Raghubir Mahaseth took the oath as the Deputy Prime Minister and Minister for Physical Infrastructure and Transport. Padam Giri became the Minister for Law, Justice and Parliamentary Affairs. Hari Upreti was appointed as the Minister for Defence, and Bhagavati Chaudhari as the Minister for Women. All of them were sworn in from the CPN (UML). Rajendra Rai serves as the Minister for Water Supply, Damodar Bhandari as the Minister for Industry, Commerce and Supplies, Jwala Kumari Sah as the Minister for Agriculture and Livestock, and Balaram Adhikari as the Minister for Land Management, Cooperatives, and Poverty Alleviation. Additionally, there is a department for Children and Social Welfare.

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Ravi Lamichhane took the oath as the Deputy Prime Minister and Minister for Home Affairs. Dol Prasad Aryal became the Minister for Labour, Employment and Social Security. Biraj Bhakta Shrestha was appointed as the Minister for Youth and Sports, and Sumana Shrestha as the Minister for Education, Science and Technology.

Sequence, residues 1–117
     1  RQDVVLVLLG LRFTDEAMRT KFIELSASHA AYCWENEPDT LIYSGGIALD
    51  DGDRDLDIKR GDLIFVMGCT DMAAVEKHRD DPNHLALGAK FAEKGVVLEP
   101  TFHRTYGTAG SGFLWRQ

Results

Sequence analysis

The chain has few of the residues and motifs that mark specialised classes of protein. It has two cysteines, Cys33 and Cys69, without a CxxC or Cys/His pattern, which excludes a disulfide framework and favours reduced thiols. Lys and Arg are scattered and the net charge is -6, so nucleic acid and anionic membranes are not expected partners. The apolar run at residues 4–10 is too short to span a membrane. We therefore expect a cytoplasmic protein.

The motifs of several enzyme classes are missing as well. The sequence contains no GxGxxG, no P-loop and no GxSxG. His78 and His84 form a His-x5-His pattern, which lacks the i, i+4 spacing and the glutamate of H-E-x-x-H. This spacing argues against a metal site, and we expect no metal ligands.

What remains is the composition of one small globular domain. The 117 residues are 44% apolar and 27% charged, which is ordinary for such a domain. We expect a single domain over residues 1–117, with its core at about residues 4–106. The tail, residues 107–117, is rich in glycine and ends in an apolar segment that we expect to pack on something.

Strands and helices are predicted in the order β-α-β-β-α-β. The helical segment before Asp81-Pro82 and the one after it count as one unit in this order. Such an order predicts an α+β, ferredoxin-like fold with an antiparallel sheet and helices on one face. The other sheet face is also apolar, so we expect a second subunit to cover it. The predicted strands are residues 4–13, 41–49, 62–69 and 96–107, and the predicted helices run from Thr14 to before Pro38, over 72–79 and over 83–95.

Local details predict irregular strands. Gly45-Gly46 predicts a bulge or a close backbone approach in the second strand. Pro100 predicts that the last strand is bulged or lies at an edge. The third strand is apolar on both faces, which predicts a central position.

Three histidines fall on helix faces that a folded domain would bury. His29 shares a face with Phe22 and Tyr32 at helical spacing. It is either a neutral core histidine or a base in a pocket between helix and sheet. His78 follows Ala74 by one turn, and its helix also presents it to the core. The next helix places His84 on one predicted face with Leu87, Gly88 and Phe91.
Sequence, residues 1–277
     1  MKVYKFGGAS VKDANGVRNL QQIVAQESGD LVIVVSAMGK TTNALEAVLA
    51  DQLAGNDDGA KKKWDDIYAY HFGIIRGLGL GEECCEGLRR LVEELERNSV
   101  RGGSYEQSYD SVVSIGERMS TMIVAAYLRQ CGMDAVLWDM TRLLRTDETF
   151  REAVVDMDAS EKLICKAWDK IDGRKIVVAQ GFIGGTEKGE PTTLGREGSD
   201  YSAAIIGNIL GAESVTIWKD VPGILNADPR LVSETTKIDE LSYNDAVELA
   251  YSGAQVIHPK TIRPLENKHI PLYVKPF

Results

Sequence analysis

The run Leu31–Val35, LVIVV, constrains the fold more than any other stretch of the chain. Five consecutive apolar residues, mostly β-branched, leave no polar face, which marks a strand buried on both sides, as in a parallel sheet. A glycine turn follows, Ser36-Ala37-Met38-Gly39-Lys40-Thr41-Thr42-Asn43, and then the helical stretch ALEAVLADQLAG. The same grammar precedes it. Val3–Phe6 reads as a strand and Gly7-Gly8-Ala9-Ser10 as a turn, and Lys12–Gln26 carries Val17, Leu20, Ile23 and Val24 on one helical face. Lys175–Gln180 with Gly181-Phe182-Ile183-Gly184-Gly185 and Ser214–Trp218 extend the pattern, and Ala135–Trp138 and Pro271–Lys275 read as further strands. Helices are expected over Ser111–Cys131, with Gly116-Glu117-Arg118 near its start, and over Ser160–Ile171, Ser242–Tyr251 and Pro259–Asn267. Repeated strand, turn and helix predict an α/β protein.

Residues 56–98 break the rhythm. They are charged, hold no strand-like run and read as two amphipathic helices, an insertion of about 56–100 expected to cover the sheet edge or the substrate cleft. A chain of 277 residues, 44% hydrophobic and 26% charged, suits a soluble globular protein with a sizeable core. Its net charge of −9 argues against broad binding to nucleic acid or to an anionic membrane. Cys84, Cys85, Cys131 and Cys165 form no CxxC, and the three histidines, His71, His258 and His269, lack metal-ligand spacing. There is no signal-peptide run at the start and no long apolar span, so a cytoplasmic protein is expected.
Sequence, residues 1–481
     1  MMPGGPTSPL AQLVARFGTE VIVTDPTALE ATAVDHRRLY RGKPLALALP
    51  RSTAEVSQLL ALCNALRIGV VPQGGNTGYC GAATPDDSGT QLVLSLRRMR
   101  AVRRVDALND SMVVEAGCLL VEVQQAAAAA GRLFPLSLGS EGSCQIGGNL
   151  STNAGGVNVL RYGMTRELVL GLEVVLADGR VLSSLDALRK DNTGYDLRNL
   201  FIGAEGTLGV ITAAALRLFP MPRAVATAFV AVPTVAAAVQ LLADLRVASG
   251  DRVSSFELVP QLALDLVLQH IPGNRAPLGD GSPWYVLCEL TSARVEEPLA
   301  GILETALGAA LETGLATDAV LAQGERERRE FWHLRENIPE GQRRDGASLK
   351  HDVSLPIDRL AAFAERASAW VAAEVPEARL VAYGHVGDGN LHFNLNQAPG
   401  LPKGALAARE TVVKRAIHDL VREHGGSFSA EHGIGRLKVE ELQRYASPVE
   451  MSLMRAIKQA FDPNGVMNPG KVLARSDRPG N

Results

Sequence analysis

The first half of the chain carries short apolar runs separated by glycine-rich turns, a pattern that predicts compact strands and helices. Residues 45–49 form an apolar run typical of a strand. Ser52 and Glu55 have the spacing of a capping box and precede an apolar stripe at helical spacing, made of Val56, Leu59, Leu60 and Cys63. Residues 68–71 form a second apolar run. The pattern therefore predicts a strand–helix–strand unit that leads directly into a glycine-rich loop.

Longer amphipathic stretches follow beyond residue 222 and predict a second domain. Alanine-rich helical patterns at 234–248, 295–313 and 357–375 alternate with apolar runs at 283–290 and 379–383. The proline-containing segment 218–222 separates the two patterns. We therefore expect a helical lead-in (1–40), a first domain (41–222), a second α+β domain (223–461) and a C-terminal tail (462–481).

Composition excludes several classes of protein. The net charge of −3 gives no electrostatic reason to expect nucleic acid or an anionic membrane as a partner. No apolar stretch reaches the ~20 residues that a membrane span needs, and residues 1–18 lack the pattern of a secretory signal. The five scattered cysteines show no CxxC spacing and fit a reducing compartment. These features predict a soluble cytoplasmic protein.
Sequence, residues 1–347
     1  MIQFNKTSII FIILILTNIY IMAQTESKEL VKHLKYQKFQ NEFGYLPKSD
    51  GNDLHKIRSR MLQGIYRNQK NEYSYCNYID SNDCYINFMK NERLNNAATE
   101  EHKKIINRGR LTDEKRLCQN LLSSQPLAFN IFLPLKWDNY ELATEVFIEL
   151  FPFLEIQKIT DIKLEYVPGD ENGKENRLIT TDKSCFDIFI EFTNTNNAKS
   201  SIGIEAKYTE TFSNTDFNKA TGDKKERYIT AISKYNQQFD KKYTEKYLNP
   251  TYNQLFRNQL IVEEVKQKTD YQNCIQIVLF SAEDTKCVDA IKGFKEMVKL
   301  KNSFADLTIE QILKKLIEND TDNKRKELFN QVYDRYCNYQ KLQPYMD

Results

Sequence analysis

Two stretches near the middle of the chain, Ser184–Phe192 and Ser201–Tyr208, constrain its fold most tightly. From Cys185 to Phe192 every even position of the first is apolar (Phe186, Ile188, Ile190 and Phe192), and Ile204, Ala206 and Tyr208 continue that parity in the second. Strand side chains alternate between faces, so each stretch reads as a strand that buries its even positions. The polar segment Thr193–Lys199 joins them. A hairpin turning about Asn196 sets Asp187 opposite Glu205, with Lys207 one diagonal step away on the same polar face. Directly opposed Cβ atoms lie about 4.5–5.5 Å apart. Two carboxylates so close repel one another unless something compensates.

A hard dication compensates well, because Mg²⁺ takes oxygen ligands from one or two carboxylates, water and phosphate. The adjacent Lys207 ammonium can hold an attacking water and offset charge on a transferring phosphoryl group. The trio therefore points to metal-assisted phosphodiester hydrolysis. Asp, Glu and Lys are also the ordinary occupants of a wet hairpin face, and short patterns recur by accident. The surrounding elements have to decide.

Bhanu Bhakta Joshi, from CPN (Unified Socialist), was sworn in as Minister for Federal Affairs and General Administration. Dhana Bahadur Budha, also from CPN (Unified Socialist), was sworn in as Minister for Urban Development.

On Monday, March 4, Dol Prasad Aryal from RSP, Hit Bahadur Tamang from CPN (Maoist Centre), and Padam Giri from UML were also sworn in.

In the words of Arup Rajouria is his X Wall, “Nepal's political landscape shifts with the re-emergence of the left alliance highlighting the intricate balance of ideology, geopolitics and regional power dynamics, but it's also a vivid reminder of opportunism that has plagued Nepal's politics.”